5 Tips for a Water-Wise Lawn | KCET
5 Tips for a Water-Wise Lawn
For some people, getting rid of grass is just not possible — whether it's prohibited by HOA rules, or it requires a lot of time and expense in re-landscaping a large yard.
But even in the middle of drought, you can still be a responsible steward of the lawn. Follow these five simple tips for saving water and saving money, whether you're establishing a new turf or preserving an existing one.
#1 Choose warm-season grasses
Not surprisingly, warm-season grasses are ideal for our climate as they need 20% less water than cool-season grasses. Since the 1950s, UC Riverside has been researching and developing drought-tolerant turf grasses specifically for the Southern California climate. One such cultivar to come out of the studies is UC Verde Buffalograss, a grass that needs only weekly watering in the summer. Its slow growth means it can be mowed every two to three weeks for a more manicured look, or just once a year for a more natural meadowscape. Other good choices for a drought-tolerant lawn are Bermudagrass (loves the sun but needs frequent mowing), Zoysia (slow growing, loves sun and shade, and tolerates traffic), St. Augustine (one of the most drought tolerant varieties, but prefers dappled shade), and Seashore Paspalum (ideal for soil or irrigation with high salt content).
#2 Water efficiently and responsibly
No lawn ever needs daily watering; at most, a warm-season grass needs watering only three days a week during the summer. Avoid the heat of the day and water in the early morning or late evening. Adjust your watering schedule seasonally, and turn off irrigation in the winter when grasses go dormant. Ensure that water is not wasted by running off into the street or causing soil erosion from poorly planted landscapes.
#3 Skip the sprinklers
Water sprinklers are wasteful in many ways, from water drifting out onto the street to broken heads and pipes that cause under- or over-watering. Consider investing in a smart irrigation system, such as weather-based irrigation controllers (WBIC), which automatically adjust watering to weather conditions, or drip irrigation, which delivers water right to the roots. The SoCal Water$mart program currently offers rebates for new installations of WBICs by residential water customers.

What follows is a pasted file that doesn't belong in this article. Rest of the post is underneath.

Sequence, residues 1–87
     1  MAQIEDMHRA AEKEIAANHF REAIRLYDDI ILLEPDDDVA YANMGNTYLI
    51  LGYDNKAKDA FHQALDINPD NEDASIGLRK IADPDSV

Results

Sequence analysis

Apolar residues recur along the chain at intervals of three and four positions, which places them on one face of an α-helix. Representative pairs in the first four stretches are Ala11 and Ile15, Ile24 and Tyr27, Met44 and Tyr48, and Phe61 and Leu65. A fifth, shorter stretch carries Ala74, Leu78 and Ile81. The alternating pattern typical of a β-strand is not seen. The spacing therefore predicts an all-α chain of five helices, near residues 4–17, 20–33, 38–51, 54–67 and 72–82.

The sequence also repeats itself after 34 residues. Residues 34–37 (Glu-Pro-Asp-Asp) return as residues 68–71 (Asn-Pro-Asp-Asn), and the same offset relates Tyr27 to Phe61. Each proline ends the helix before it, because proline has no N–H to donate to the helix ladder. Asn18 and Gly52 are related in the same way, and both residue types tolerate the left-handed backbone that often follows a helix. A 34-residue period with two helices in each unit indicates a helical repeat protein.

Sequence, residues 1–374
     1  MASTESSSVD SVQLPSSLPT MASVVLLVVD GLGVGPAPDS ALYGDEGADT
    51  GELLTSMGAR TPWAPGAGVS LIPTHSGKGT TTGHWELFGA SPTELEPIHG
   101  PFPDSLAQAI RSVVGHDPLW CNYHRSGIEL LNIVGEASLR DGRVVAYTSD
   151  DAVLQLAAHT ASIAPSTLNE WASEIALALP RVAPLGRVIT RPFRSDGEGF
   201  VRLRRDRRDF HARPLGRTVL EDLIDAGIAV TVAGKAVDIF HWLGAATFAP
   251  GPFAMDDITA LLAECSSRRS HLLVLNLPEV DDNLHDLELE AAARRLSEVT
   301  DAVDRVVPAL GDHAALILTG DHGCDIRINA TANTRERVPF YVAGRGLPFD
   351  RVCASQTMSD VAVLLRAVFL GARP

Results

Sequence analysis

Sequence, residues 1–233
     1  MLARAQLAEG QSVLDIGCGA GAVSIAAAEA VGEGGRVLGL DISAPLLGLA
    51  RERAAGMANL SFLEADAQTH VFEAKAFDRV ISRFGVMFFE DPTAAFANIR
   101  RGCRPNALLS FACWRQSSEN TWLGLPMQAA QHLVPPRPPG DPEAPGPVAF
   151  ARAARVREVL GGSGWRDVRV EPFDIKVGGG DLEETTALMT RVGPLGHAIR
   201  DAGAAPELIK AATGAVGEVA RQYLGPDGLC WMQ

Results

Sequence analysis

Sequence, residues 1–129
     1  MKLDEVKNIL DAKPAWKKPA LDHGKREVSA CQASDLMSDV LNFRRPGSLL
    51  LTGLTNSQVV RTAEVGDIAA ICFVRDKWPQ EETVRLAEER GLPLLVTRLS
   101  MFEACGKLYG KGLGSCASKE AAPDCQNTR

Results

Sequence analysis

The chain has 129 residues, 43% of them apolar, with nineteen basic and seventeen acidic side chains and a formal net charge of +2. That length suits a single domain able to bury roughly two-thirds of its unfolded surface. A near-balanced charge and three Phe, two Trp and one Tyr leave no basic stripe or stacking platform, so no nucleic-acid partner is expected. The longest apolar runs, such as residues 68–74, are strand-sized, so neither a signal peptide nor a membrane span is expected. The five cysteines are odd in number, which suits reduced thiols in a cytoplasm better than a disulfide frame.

#4 Cut your grasses higher
Resist the urge to mow your lawn down to a low-growing golf course-like turf. Longer leaf blades provide more shade for the soil, in turn retaining moisture, reducing the need for frequent watering, and promoting stronger, deeper root systems. As a result, tall grass is healthier and thicker. (Have you ever noticed that short grass is often riddled with brown patches in summer?) Another benefit to growing tall grass is that it shades out (and eventually smothers) competing weeds.
#5 Invest in a mulching mower
A traditional mower collects grass clippings in a bag as you cut, which you then empty into your compost pile or green bin. By contrast, a mulching mower leaves behind finely shredded grass clippings on the lawn, as if you were composting in place. The clippings add organic matter to the soil and essentially act as a fertilizer, so you don't have to buy commercial fertilizer.
If you are looking to remove your lawn, the Department of Water and Power is currently offering Los Angeles homeowners $3 per square foot of grass removed (up from $2 last year) through their Landscape Incentive Program.
Here are six of the best road trips for exploring mining history in Southern and Central California.
“Soul of a Nation: Art in the Age of Black Power 1963-1983" creates constellations of relationships that succeed in giving viewers a deeper appreciation of the multiple concerns of African American artists then, which still reverberate today.
Following a screening of "Be Natural: The Untold Story of Alice Guy-Blaché," writer/director/producer Pamela B. Green attended a Q&A hosted by Cinema Series host Pete Hammond.
"Artbound" gives away three copies of "Vireo: The Spiritual Biography of a Witch’s Accuser" composed and conceived by Lisa Bielawa. Enter to win.
- 1 of 149
- next ›